I realized that I don’t know how to be involved in a recreational activity just for the fun and relaxation of it. I don’t know how to just buy a ticket, have a nice time, and go home. I keep finding myself on the cleanup crew. Or, worse, the steering committee.
After finding myself on the board of two separate organizations in a row, I finally had to accept that there was a theme in my behavior. 1. I would get involved in something, 2. I would start volunteering to help run it, 3. It would take over my life until I was doing something org-related every day of the week.
That was when it hit me, if I was going to work rather than play, then I might as well start getting paid for it again...
I took a job.
A paid job!
I sat myself down and said, Self, it’s probably going to happen again. You’re going to do what you always do, which is to get curious and start asking questions. Then things are going to start rolling.
I’ve started to think in the four-year time horizon. If I start throwing myself into a new activity, even if I am truly terrible at it in the beginning, within four years I tend to have a pretty solid grasp of how things work. That seemed completely plausible in a new role at a new company.
I have probably twenty years of career arc ahead of me. A lot can happen in twenty years.
This is, by the way, a very difficult mindset for a twenty-year-old kid to hold. At that age, I would not have had the patience to think, I may be in this role for four years, and that’s okay. Also I couldn’t afford it. At the beginning of my career, I didn’t think in terms of skills or certifications or increasing responsibilities. I thought in terms of my rent taking up over 80% of my income.
Now I have the time and the wherewithal to relax and look around a bit.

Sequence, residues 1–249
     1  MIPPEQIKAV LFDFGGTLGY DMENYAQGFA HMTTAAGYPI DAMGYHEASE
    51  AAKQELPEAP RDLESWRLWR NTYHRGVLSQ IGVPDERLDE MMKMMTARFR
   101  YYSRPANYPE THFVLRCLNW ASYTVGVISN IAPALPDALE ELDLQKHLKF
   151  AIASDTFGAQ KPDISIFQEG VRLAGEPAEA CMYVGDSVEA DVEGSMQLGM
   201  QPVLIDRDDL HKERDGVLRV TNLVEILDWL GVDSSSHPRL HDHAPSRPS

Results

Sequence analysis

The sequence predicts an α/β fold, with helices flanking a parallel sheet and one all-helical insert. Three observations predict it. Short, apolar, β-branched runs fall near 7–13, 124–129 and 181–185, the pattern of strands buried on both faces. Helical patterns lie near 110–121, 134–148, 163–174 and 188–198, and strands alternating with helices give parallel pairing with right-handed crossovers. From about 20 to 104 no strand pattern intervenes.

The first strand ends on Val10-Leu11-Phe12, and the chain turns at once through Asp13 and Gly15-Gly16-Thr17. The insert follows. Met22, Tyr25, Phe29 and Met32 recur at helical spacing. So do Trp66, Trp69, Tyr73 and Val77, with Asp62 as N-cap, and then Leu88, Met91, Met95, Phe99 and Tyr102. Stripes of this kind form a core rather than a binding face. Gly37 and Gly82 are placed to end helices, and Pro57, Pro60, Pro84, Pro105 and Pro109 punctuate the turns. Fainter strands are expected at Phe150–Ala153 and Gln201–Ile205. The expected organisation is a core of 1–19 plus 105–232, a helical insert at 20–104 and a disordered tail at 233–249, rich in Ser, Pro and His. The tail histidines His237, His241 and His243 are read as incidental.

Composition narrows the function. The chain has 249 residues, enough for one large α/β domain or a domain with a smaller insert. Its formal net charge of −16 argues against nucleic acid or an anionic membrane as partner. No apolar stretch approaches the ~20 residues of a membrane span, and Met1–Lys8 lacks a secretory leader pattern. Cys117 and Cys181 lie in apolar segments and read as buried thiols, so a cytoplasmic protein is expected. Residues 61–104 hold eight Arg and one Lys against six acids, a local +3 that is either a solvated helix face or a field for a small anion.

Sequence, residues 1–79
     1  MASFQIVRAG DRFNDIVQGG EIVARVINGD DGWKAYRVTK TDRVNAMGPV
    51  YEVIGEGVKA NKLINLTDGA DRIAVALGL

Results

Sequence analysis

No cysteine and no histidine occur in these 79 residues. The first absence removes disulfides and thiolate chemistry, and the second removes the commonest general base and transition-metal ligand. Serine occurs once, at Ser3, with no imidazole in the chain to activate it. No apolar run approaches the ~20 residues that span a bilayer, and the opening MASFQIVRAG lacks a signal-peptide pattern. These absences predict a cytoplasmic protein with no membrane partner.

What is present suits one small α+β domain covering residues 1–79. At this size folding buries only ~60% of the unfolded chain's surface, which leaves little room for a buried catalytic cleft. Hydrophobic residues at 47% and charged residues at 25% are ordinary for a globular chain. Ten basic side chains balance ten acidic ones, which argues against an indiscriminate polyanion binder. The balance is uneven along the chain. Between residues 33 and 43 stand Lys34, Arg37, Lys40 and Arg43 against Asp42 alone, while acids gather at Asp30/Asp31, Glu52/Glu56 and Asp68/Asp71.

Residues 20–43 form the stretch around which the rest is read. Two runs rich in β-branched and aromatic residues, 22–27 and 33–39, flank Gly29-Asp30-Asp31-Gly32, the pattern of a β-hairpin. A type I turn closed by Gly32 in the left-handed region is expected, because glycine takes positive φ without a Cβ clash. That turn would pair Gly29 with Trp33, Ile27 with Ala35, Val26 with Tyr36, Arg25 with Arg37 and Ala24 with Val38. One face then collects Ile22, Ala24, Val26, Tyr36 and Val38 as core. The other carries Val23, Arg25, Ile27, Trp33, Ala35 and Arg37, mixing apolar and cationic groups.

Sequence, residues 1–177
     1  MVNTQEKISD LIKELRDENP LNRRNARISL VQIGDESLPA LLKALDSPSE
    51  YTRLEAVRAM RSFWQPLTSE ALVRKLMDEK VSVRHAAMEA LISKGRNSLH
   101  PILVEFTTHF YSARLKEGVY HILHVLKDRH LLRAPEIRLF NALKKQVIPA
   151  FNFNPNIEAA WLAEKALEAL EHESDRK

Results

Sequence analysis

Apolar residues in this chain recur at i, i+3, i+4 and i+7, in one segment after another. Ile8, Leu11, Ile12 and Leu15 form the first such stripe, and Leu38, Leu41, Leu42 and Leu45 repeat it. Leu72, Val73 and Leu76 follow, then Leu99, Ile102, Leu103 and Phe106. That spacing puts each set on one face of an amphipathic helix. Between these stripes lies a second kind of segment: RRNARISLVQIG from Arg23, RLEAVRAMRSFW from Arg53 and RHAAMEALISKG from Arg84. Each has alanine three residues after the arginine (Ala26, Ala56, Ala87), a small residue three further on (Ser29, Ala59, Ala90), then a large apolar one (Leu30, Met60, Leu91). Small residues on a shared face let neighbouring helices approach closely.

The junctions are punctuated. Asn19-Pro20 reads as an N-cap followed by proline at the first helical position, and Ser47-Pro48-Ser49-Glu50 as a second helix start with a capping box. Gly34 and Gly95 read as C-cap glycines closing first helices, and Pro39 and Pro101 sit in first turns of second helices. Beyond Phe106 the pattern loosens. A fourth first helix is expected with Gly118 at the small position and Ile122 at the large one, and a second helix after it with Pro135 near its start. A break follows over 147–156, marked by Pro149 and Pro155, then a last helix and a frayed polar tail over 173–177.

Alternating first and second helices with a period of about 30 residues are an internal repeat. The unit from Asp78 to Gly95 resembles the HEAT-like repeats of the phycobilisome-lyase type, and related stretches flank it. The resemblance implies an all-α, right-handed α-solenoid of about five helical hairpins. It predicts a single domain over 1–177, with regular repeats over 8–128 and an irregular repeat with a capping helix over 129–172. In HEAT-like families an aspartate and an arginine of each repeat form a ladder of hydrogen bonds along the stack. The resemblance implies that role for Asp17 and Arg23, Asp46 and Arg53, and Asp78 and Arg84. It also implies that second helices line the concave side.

There are certifications I could run out and get for myself over a long weekend, or perhaps within six weeks. There are a bunch of things I could cram for in a very short time that I could tack onto my resume. If all I wanted was more money, I could target a search for open roles and start shooting my shot.
This is somewhat of an experiment, but I don’t think that’s actually the fast track. In some ways, I think it’s faster to go slower.
One thing that money cannot buy is reputation.
Reputation is the slow track.
When I was young, I used to wonder why So-and-So got a promotion. Or not really wonder, just hear about it and get mad. Isn’t it obvious that I’m the one who really needs that money! That was an improvement over my original idea, at 18, which was, Isn’t it obvious that I’m the smartest person here??
(If you’re so smart, why aren’t you the one getting the promotion?)
Now, I actually wonder. That is, I ponder over what skills that person has demonstrated, what types of problems they are known to solve, and how they earned their reputation. If A, that person has definable traits that got them a promotion, and B, I can figure out what those traits are, then C, I can work to acquire those promotable traits.
It’s also slightly more complicated than that, in the sense that not every promotion is one we would want.
I’m finally in a place where I can be glad for someone who got promoted, and also realize that I myself would never want that particular job.
Part of the slow track is figuring out how the organization is run, what roles it takes to get everything done, and then where you do and do not see yourself eventually.
For instance, in the space industry, there are a lot of jobs in shifts all around the clock. I sometimes think, I bet someone else absolutely hates working in the middle of the night, but they do it because it needs to get done. I, on the other hand, am a born night owl. Wouldn’t it be nice for everyone if that was my job?
I haven’t been at my current job for a year yet. I’m still figuring out how they do things. I don’t know what I’m going to be doing in five years.
That’s okay, though, because on the slow track you can take your time to figure it out. All I need to know is that I like this place well enough that I might still be there in twenty years.
I was inspired by a question in James Clear’s newsletter this week: “What 6-month period of your life was the most energizing and fun?”
Huh. I have no idea.
I turned and asked my husband. Huh. He sat back and did not have a quick answer.
We happened to have our Toastmasters meeting, and I decided I would have to ask the group. Most of us have been meeting every week for a few years now, and we know each other fairly well, but I didn’t have the faintest inkling what my club friends would have to say about this.
Six months, you say? The most energizing and fun?